Best Practices when Seeding in the Fall

Fall is highly regarded as one of the best times of the year to plant grass seed. Taking advantage of the optimal fall growing conditions can help make establishing seed for the average do-it-yourselfer much easier. By following a few easy steps and remembering a handful of helpful guidelines, new grass will be growing in no time.

Even the best maintained lawns usually have at least one area of concern that can use seeding in some way or another. Ensuring the lawn is ready for winter is very important and this can have a major impact on how prepared it is to come back more beautiful than ever next spring.

 

Seed Selection

Among many things, selecting the right type of seed is an essential step in the process of successfully establishing turf. It is very important to select a seed blend that will accommodate the growing conditions and environment it is planted in. Seed selection: For the Kansas City area we like a lawn to have a 50/50 blend of bluegrass and Turf Type Tall Fescue. This blend performs well in our harsh climate. We recommend that you do not want Rye Grass or Fine Fescue in your lawn as these grass types do not hold up in our hot dry summers. Most lawns already have bluegrass in them as it naturally spreads on its own. Fescue on the other hand is slow to spread and may need to be added every few years to maintain the proper balance. So in short, if overseeding in the Kansas City area use a Turf Type Tall Fescue and if starting over from scratch with bare soil use a 90% Fescue 10% bluegrass blend. Of course, all seed should be of the highest quality. 0% weed seed and 0% Other Crop. Always check the tag/label to confirm the quality. Cheap seed has weeds and you don’t want to plant more weeds.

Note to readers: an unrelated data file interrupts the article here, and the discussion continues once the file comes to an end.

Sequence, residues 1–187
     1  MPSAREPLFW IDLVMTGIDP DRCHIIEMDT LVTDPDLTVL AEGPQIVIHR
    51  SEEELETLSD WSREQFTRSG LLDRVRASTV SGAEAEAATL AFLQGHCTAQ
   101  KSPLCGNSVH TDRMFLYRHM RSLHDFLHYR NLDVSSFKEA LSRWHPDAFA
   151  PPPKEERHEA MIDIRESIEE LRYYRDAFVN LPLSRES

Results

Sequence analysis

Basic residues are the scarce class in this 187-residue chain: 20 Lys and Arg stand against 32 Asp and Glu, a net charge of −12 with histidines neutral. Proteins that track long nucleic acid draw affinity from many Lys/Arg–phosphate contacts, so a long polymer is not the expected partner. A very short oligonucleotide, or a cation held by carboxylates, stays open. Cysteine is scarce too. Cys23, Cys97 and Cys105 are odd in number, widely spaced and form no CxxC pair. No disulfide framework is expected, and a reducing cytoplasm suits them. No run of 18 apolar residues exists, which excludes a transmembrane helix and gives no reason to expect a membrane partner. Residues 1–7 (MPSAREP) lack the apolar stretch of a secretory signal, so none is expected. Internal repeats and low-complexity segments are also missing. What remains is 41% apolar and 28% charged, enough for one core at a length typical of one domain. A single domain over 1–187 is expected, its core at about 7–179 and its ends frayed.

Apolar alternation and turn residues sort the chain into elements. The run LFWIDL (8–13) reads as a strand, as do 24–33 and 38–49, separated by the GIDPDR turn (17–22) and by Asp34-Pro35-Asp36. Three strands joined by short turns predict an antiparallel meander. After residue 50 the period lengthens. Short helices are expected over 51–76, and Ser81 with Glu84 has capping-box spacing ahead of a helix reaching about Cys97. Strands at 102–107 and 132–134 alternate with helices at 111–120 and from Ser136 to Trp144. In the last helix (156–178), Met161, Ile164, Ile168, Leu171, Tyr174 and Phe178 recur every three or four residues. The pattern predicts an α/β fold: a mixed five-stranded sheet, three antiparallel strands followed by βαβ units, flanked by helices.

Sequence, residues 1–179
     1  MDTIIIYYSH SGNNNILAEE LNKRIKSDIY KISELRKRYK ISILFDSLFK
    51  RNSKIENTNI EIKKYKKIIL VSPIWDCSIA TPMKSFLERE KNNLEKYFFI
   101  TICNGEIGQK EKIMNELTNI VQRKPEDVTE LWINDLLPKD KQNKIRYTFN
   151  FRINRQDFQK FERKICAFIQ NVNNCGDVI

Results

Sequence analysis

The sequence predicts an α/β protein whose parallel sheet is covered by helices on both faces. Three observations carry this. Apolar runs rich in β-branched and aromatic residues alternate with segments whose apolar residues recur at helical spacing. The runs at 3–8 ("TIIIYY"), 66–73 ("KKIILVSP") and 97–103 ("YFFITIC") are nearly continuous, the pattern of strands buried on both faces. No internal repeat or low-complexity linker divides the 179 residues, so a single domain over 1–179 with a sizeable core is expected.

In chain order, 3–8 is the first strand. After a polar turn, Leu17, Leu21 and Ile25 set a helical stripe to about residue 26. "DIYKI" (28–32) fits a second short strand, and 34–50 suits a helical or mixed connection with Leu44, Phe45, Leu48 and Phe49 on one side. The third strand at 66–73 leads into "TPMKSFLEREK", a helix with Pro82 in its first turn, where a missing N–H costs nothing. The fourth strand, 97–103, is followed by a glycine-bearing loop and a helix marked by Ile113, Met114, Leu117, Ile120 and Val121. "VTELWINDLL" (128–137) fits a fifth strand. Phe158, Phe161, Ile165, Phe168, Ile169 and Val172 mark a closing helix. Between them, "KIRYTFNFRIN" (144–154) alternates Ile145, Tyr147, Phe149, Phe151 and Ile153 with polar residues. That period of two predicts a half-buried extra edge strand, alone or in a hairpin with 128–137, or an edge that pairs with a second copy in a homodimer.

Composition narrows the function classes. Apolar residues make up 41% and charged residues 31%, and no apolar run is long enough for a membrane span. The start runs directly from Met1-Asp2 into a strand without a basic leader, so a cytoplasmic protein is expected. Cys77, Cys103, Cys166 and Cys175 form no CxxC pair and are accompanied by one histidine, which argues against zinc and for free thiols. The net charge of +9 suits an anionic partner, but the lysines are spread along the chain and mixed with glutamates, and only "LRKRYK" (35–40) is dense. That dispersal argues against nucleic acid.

Timing is Everything

Fall is a great time for seeding. Soil and air temperatures are warm while natural rainfall is usually common making the establishment process optimal. Seeding beginning in late Summer (Mid August) into Mid October is a good reference point to use as a seeding window. This generally gives the new seed plenty of time to germinate and fully establish before heavy frosts and cold winter temperatures come. Missing the ideal seeding window or waiting too late before seed is put down can make it very challenging as soil and air temperatures are too cool for optimal germination. Even when the seed does germinate late in the season, often these young seedlings do not survive winter as they are too young and immature for the harsh winter conditions. Heavy frost can also be hard on new seedlings making it difficult during the establishment process

 

Fall Dormant Seeding

Fall dormant seeding involves putting down grass seed before the ground is frozen, but yet the soil and air temperatures are far too cold for the seed to germinate at this time. Dormant seeding is typically done in November when temperatures are too low for germination. The grass seed will lie dormant until next spring when the soil temperatures warm and germination begins. Covering the seed you still need good seed to soil contact just like in the fall.  Verticutting the seeded areas and even covering with a very thin layer of compost or topsoil will improve success. will greatly increase the success of the dormant seeding.